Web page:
Monday, June 20, 2011

Touring the Underworld

It seems that any time you're talking about death, the old question always arises: burial or cremation? From there, the discussion will lead on to talking about the crematorium, what it's like, what really happens, and stories you've heard from a friend of a friend.

I'm sure you've heard some of them: that you can't be sure whose ashes you're getting; or that they take the bodies out of the coffins and resell the coffins; or that a pacemaker/bottle of whiskey/something random will explode in the crem.
As a minister, I've often led services up at Roselawn Crematorium in Belfast, and the staff had always been offering a tour to show me what it's really like. Recently I was able to take them up on the offer, and Pat, one of the attendants, showed me around.

Immediately, you can forget the preconceptions mentioned above. It's a very professional, dignified service Roselawn provide, and it was fascinating to see how it all works behind the scenes.

Normally, at the end of the service, the coffin is lowered from the chapel to the lower level. From there, it's transferred onto a trolley, and brought to one of the four (what's the word? ovens? incinerators? cremators?) ovens. Checks are made that the person's name matches the card taken from the register in the office, then the coffin is 'charged' or placed into the oven. The person's name card is then attached to the front of the oven. This means that you're very sure to receive your loved one's remains.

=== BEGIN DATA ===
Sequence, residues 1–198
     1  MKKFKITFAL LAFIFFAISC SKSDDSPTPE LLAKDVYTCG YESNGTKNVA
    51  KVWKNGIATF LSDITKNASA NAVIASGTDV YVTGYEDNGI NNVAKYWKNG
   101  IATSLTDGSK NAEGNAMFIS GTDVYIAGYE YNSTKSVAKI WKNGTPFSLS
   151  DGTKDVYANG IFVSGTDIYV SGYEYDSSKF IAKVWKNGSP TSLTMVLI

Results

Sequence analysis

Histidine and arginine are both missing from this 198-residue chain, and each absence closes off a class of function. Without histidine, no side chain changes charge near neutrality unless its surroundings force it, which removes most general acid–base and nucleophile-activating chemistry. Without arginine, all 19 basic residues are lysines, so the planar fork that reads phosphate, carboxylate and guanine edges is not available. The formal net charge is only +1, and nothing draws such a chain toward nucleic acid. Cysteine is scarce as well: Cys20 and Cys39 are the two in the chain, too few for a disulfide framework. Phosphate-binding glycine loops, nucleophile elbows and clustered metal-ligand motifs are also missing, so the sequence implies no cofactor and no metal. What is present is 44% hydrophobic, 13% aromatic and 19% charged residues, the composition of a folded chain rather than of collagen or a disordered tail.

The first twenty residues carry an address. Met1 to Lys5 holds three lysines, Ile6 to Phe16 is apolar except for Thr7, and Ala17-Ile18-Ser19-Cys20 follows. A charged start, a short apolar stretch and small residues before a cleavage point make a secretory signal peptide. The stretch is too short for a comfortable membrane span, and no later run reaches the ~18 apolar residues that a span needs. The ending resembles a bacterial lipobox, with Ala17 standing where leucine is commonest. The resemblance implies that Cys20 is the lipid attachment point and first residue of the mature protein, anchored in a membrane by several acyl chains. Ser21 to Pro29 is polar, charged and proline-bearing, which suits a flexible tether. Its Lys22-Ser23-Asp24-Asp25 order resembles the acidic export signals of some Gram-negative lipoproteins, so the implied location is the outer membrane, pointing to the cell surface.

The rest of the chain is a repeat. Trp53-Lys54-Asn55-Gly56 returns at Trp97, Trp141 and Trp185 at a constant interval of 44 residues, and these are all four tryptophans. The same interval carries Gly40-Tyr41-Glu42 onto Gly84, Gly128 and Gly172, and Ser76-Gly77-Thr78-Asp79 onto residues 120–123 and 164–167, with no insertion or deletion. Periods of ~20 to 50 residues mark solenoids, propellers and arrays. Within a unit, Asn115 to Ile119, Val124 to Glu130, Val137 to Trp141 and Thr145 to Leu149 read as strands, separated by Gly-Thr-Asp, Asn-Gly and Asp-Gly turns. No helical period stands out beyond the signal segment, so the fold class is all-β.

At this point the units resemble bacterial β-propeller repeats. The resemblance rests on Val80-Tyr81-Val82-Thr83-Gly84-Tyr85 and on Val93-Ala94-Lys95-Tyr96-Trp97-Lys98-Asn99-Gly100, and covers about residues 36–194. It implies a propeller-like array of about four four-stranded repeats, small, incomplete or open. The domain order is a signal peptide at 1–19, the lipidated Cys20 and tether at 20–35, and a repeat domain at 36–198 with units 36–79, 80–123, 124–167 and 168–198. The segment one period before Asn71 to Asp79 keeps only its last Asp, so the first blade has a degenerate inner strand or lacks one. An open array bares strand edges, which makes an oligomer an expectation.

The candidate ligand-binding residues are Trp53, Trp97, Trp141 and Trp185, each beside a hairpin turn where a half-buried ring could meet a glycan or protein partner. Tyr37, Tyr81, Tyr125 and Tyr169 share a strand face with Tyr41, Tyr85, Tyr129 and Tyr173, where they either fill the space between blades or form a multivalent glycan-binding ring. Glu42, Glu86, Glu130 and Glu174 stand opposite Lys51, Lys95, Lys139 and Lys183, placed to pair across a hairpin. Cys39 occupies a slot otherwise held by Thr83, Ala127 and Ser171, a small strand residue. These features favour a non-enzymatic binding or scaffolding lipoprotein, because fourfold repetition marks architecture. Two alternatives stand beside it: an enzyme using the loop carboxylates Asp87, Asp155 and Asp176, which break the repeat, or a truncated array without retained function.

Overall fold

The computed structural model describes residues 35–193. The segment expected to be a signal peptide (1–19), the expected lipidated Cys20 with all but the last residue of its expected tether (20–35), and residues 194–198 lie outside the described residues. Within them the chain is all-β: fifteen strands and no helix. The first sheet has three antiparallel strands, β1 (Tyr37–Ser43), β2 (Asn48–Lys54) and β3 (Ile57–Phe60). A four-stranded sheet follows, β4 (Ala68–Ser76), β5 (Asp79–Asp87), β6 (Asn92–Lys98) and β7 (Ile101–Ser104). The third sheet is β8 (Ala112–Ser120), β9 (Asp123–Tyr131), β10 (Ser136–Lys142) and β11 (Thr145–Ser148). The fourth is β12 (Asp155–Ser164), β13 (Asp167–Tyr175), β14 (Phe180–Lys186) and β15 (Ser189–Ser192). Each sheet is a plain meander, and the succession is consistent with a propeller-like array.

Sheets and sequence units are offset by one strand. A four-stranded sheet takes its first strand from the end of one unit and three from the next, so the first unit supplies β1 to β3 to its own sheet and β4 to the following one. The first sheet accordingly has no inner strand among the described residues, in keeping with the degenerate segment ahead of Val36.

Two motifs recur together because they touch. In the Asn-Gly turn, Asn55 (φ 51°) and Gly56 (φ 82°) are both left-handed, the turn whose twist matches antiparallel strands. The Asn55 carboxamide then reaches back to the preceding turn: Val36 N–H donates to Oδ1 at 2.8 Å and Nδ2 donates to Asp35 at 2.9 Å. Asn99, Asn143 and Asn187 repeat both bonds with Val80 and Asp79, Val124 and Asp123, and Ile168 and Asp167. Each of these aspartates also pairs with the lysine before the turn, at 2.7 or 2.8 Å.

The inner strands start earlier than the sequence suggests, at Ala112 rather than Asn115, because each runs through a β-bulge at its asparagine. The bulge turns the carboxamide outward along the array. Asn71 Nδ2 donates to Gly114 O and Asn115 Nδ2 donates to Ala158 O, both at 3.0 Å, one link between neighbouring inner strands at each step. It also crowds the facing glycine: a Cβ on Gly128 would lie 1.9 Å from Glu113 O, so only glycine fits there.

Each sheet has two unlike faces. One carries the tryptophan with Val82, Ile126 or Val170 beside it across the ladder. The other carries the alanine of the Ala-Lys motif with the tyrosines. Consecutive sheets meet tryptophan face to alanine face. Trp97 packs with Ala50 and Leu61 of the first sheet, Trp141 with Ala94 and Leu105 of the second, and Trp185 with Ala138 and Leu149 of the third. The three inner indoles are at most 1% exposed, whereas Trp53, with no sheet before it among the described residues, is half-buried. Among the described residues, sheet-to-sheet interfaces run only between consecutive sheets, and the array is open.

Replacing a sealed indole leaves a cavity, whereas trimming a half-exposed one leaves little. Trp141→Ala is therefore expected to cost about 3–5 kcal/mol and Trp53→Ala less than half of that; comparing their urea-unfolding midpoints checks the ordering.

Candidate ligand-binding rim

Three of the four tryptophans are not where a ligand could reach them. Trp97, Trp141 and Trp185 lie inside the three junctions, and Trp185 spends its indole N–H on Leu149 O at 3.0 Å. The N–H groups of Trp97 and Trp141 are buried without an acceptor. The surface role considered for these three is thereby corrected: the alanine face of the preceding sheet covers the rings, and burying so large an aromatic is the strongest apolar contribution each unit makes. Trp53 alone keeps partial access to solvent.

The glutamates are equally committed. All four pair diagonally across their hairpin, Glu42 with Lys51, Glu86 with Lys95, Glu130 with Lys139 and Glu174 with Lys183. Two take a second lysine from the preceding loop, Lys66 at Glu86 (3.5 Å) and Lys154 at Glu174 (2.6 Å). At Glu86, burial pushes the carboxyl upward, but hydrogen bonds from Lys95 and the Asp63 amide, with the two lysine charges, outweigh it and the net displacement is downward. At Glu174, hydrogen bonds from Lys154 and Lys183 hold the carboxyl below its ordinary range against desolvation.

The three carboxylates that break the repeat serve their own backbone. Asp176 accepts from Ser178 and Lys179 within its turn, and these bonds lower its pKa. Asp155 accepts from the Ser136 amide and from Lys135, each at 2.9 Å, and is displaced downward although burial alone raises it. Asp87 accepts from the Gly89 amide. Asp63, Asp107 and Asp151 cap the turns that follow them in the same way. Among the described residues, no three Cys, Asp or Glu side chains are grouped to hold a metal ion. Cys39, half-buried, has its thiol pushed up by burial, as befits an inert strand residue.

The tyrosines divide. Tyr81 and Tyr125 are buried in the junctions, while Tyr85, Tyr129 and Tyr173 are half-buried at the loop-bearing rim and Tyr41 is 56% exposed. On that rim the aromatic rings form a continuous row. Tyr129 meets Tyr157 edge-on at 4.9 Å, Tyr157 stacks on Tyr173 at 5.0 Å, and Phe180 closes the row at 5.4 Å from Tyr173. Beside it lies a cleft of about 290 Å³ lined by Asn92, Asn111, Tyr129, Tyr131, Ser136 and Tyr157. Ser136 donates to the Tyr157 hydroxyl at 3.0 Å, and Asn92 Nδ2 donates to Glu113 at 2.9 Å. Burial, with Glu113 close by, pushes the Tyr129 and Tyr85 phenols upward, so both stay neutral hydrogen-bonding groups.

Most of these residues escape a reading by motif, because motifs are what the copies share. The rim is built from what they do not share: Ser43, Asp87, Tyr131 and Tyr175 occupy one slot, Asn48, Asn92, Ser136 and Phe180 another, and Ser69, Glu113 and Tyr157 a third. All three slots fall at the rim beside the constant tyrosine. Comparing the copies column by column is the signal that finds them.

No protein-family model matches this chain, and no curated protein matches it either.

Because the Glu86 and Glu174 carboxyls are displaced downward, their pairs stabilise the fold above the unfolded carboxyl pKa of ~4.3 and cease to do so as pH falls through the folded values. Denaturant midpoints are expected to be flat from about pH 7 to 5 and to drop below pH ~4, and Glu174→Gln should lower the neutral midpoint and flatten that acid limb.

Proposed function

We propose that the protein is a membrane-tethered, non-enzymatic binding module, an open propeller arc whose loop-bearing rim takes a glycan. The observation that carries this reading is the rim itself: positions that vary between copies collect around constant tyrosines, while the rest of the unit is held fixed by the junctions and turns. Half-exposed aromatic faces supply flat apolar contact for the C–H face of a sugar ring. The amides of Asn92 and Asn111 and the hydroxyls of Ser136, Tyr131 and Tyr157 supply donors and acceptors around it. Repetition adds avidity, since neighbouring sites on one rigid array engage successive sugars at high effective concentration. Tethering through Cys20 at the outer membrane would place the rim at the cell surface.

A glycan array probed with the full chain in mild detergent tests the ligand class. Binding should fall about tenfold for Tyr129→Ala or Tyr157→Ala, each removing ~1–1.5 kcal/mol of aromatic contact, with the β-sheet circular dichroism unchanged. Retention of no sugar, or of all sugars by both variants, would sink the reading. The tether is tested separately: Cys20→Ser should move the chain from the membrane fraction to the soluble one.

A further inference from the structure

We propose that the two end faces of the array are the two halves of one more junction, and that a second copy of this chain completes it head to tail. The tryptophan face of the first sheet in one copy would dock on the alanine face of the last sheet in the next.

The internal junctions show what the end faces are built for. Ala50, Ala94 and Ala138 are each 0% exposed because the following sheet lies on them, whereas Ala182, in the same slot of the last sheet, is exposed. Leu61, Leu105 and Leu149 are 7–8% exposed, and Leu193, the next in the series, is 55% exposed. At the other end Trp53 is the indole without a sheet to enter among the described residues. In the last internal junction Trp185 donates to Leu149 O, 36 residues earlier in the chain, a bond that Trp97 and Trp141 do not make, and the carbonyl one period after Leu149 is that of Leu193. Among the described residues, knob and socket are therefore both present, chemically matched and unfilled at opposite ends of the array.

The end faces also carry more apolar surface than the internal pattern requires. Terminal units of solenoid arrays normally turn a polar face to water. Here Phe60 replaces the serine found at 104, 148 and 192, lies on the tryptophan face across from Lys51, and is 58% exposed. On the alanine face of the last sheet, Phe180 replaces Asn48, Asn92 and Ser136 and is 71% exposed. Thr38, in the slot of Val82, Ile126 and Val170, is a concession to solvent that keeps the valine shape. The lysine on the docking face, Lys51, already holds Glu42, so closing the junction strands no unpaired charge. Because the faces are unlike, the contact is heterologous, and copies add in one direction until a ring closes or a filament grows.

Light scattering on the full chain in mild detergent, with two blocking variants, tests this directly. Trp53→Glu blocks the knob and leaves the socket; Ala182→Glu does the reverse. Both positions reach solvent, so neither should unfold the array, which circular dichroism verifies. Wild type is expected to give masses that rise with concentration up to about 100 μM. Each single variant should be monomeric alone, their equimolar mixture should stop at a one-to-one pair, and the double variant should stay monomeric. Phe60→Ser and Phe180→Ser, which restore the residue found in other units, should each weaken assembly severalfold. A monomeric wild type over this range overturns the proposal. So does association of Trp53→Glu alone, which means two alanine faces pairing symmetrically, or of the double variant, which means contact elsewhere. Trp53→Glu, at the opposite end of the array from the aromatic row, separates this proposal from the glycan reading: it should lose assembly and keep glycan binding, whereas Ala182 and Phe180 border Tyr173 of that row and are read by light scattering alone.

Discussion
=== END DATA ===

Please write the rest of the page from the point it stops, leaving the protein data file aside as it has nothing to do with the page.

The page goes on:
Roselawn has four ovens, which are fired up in preparation for the half-hourly interval committals, with the process taking about two hours. There's some heat involved, reaching temperatures of around 1000° Centigrade at its hottest, although the ovens are all monitored individually with their own computer system and screen for temperature/smoke/etc.

When the cremation has been completed, the remains are removed from the oven and placed in the container (whether a box or urn), to be either collected by the family or undertaker, or scattered by the staff in the gardens of remembrance. Again, the name is checked from the same card, so that you can be sure you're receiving the right remains.

There's really no mystery, and certainly no dodgy dealings in the underworld. It was very interesting to see what happens after the committal, and I'm very grateful to Pat and Eddie for showing me around. There is also the possibility of families or members of the public being shown the workings of the Crematorium, just contact the office to arrange it.

Photo by HeideKlein_OrangenKopf from Flickr.

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